Mini-mizing the Mouse: AllEars® Readers Share Their Tips
by Debra Martin Koma
AllEars® Senior Editor
This article appeared in the June 2, 2009 Issue #506 of ALL EARS® (ISSN: 1533-0753)
Well, we AllEars.Net types are certainly a frugal lot! We asked for your best money-saving tips and boy, did we get them! Tips on saving money before the trip, tips on saving during the vacation, and even tips for saving afterward, when you're planning for your next visit to the Mouse. We plan to share as many of these bright ideas as we can – in fact it will probably take two articles to cover them all.
I've tried to sort them into some kind of logical categories, so get your pencils ready to take notes on Part I of Mini-mizing the Mouse: AllEars® Readers:
FOOD AND BEVERAGE
Clearly, food and drink are among the biggest expenses of a Walt Disney World trip (after you pay for transportation and tickets, of course!). A TON of you suggested that a great way to save is to "BYO" – that is, bring your own food and drinks. Here are just a few of the many variations on this theme:
Jan Gruver: We bring breakfast food with us and eat in our hotel room. Our usual assortment is instant oatmeal, granola bars, oranges, apples or bananas, bagels and cream cheese and orange juice. Everyone gets what they want and it saves LOTS of money and time in the mornings when we are anxious to get into the parks. We take some sort of snack with us – usually trail mix – to eat while in the long lines. It keeps the kids occupied. With the weather usually being so hot we don't get very hungry during the day, but purchase some snacks to share at lunch or in the afternoon. It is usually something like a turkey leg and popcorn, ice cream, etc. – just something snacky. By dinner time we are usually pretty hungry so we eat something in the parks if it is a long day. Otherwise we go back to the hotel and eat in the restaurant or food court. We usually have snacks in the room for the evening-pretzels or cookies. We have used this method of saving a few dollars while still eating well while at Disney. For a family who wants to eat three full meals a day or big "sit-down" meals this wouldn't work, but it is perfect for us!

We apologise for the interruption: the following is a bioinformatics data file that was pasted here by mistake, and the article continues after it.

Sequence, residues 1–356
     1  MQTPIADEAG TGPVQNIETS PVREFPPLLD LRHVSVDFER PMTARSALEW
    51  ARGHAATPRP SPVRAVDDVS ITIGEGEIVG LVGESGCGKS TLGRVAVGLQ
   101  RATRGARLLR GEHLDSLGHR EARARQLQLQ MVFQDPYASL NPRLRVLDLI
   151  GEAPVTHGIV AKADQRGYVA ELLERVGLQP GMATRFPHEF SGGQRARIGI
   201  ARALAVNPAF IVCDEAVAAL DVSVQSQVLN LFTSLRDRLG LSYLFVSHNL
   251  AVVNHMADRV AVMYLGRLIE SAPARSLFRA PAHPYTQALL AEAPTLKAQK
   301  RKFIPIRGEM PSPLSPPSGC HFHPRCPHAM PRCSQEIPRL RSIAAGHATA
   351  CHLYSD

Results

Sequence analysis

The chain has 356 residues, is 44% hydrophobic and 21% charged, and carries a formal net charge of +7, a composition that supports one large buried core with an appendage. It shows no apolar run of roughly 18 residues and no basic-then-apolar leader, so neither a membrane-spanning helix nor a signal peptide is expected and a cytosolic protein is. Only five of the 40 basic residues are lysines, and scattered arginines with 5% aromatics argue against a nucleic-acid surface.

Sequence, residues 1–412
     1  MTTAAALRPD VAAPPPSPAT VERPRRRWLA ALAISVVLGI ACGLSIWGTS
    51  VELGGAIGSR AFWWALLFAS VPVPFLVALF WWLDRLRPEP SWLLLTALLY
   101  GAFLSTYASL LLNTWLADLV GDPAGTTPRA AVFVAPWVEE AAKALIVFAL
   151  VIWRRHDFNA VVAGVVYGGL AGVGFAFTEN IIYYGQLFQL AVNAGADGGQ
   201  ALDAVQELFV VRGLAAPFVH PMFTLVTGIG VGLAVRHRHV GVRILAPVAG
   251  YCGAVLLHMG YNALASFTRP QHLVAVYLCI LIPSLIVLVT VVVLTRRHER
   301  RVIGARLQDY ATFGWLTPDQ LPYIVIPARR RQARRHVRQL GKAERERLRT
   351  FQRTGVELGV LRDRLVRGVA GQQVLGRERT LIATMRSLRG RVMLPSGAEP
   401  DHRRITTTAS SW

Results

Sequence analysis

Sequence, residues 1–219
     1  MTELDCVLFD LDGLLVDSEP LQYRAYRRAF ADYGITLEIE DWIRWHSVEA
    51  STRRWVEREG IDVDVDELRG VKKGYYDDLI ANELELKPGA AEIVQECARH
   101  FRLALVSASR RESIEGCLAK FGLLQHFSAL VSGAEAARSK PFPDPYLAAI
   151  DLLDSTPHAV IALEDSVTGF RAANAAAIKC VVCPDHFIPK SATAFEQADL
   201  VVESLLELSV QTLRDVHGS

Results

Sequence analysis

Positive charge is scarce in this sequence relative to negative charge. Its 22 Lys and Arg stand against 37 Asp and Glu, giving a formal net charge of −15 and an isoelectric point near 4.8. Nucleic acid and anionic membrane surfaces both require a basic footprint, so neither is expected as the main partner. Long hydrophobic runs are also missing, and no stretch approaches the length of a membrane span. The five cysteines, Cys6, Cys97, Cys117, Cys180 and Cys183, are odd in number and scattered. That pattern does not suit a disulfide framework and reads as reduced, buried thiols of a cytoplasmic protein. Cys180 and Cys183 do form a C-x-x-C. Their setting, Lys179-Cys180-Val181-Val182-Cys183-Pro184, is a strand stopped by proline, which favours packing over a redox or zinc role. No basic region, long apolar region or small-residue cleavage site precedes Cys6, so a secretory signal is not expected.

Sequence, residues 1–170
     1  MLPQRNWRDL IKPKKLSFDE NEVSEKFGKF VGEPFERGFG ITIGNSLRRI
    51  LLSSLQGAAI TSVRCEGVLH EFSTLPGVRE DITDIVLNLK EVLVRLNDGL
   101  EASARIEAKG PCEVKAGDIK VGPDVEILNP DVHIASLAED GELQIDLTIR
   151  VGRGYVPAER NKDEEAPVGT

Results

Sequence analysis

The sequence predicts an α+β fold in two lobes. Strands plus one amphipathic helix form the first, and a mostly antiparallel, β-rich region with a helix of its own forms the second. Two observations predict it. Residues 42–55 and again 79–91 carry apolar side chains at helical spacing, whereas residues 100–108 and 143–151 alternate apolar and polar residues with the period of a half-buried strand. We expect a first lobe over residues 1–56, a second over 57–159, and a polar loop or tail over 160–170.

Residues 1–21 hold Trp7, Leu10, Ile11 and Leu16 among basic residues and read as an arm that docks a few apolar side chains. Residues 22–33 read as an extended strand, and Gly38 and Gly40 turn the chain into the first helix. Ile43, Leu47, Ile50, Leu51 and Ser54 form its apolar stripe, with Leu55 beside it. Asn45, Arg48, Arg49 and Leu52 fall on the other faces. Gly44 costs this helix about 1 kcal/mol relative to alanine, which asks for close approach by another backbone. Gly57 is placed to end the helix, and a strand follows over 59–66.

Tina Snyder Barto, PA: My favorite money-saving tip is to save on breakfast. We pack in our luggage, paper bowls, plastic silverware, cups, cereal, bagels, Pop-tarts and bottled water. (You will then have room when you go home for souvenirs.) You can either pick up milk and OJ at a resort shop or order all your groceries from gardengrocer.com for delivery right to your room. For the $12 delivery fee and a tip you will still be saving a ton of money just on bottled water alone!
Moira: I think that most people would agree that the water from the drinking fountains at Walt Disney World is barely drinkable. However, with the heat and humidity there you need to stay hydrated. Since I think the bottled water is too expensive I bring a refillable bottle to fill at the fountains. To make it taste all right I add a powdered drink mix. They come in single serving sizes, so just throw a few in your bag so you always have them. I usually get the green tea or white tea flavor so the taste isn't too strong so it's as close to water as you can get.
Josh Olive: Bring a Brita water filter. That way, you can refill your water bottles in your room with water that tastes good.